Research Article

Fengshui forests conserve genetic diversity: a case study of Phoebe bournei (Hemsl.) Yang in southern China

Published: March 20, 2015
Genet. Mol. Res. 14 (1) : 1986-1993 DOI: 10.4238/2015.March.20.8

Abstract

Fengshui forests (sacred groves) are important in traditional Chinese culture and home to many endangered species. These forests may provide protection for some endangered plant species outside the nature reserves, but little is known about their role in genetic conservation. Using inter-simple sequence repeat (ISSR) markers, we compared the genetic diversity of 6 populations of Phoebe bournei (Hemsl.) Yang, a commercially important woody species, which is under second-class national protection and endemic to China. Samples were collected from the nature reserves and Fengshui forests in southern China. Herein, we show that Fengshui forest populations are capable of maintaining some level of genetic diversity. For nature reserve populations, the average NA and NE were 1.58 and 1.39, respectively; and for Fengshui forests, they were 1.39 and 1.12, respectively. For nature reserve populations, Nei’s gene diversity (H) and Shannon’s index (I) were 0.32 and 0.11, respectively; and for Fengshui forests, they were 0.22 and 0.07, respectively. We discuss the reasons for the genetic differences between populations of the Fengshui forests and nature reserves and propose conservation strategies for the Fengshui forest.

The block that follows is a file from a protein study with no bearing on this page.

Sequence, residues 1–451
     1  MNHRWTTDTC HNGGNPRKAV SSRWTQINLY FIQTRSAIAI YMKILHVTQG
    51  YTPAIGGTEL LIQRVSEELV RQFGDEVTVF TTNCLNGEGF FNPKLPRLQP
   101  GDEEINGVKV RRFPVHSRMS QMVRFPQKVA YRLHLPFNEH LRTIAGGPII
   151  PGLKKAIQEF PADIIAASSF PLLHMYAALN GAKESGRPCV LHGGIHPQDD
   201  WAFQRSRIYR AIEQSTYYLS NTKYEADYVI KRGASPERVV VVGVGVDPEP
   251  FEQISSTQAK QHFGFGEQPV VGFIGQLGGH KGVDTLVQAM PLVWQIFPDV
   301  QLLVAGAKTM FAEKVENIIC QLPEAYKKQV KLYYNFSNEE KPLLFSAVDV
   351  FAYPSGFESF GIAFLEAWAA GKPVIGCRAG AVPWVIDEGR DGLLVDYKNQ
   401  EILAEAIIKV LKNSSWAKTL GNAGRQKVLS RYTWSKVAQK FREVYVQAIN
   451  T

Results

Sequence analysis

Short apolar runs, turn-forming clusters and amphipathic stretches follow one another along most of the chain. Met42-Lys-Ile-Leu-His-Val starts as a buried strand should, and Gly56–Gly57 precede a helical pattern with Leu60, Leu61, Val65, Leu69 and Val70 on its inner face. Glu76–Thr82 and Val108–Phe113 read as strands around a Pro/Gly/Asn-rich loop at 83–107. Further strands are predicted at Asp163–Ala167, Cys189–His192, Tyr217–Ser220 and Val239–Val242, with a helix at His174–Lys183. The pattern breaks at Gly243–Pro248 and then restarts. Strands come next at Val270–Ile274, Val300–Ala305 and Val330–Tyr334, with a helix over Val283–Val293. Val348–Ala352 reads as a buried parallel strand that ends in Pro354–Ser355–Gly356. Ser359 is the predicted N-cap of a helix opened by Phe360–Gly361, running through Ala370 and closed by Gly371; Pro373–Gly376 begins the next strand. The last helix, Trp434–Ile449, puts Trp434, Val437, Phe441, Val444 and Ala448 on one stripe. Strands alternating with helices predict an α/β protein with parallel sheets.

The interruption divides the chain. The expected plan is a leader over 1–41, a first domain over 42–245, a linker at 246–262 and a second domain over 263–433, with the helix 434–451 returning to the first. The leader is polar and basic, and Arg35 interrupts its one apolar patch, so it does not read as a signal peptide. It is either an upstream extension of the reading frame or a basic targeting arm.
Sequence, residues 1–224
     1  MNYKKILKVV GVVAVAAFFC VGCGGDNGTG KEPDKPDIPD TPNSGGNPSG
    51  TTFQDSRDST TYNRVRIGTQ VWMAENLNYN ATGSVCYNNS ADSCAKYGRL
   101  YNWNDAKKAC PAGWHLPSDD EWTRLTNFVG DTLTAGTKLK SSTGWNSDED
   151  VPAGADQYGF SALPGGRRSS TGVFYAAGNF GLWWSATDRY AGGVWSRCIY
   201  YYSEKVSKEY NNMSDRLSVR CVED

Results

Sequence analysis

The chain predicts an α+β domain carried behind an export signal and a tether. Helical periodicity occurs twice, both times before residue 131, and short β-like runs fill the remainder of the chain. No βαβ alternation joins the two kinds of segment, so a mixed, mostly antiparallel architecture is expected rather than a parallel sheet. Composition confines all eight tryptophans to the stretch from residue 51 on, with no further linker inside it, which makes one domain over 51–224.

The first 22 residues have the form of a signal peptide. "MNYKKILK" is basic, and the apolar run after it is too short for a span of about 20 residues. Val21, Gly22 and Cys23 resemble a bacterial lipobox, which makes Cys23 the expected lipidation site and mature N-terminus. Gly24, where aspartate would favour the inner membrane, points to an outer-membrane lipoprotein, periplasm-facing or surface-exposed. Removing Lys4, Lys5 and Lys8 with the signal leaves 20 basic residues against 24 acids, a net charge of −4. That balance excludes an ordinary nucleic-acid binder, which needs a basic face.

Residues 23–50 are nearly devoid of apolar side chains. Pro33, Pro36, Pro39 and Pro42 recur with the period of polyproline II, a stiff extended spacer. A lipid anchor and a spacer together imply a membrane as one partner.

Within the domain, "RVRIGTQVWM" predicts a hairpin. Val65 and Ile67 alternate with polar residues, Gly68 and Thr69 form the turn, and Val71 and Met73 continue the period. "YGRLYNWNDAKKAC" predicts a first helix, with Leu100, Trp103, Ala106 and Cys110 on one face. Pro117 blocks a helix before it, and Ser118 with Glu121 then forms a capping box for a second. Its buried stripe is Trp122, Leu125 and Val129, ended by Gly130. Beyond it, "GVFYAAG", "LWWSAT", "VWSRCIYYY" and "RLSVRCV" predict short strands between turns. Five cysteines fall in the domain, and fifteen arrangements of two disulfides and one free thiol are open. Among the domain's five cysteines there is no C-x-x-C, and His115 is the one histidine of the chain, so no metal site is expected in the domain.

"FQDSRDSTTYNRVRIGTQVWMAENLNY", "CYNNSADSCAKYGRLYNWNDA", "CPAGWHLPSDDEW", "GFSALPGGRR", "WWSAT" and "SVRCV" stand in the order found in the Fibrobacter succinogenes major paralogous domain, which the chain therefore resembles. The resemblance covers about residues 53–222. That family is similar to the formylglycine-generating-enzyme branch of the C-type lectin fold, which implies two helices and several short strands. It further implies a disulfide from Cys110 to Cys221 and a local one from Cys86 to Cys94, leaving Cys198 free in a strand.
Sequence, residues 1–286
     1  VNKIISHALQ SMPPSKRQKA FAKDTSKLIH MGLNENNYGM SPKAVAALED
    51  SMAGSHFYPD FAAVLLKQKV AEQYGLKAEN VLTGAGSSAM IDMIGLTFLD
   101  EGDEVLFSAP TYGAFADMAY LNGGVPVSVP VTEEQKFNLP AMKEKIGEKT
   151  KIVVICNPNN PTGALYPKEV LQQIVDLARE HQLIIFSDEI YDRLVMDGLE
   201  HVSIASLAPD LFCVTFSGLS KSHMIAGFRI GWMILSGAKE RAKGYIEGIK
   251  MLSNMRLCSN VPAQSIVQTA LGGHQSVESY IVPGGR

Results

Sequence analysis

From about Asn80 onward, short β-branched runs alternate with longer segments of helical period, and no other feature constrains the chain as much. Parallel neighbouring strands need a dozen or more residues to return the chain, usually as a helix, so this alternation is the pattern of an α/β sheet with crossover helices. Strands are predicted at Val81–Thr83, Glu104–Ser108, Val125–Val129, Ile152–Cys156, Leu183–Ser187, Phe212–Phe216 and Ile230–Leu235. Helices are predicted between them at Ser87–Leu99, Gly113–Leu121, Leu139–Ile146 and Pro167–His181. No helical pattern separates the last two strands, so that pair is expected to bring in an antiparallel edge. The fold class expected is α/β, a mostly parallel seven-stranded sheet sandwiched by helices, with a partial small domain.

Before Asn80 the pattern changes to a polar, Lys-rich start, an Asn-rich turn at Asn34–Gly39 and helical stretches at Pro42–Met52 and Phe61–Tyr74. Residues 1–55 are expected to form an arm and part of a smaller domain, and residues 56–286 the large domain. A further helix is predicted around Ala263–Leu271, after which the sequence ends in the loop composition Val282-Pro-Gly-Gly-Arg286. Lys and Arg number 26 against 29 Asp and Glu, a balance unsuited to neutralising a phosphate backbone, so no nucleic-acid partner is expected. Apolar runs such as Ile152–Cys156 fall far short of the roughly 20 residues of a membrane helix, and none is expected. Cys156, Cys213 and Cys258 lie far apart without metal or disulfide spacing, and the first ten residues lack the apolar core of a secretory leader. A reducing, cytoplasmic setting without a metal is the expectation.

Fengshui forests (sacred groves) are important in traditional Chinese culture and home to many endangered species. These forests may provide protection for some endangered plant species outside the nature reserves, but little is known about their role in genetic conservation. Using inter-simple sequence repeat (ISSR) markers, we compared the genetic diversity of 6 populations of Phoebe bournei (Hemsl.) Yang, a commercially important woody species, which is under second-class national protection and endemic to China. Samples were collected from the nature reserves and Fengshui forests in southern China. Herein, we show that Fengshui forest populations are capable of maintaining some level of genetic diversity. For nature reserve populations, the average NA and NE were 1.58 and 1.39, respectively; and for Fengshui forests, they were 1.39 and 1.12, respectively. For nature reserve populations, Nei’s gene diversity (H) and Shannon’s index (I) were 0.32 and 0.11, respectively; and for Fengshui forests, they were 0.22 and 0.07, respectively. We discuss the reasons for the genetic differences between populations of the Fengshui forests and nature reserves and propose conservation strategies for the Fengshui forest.

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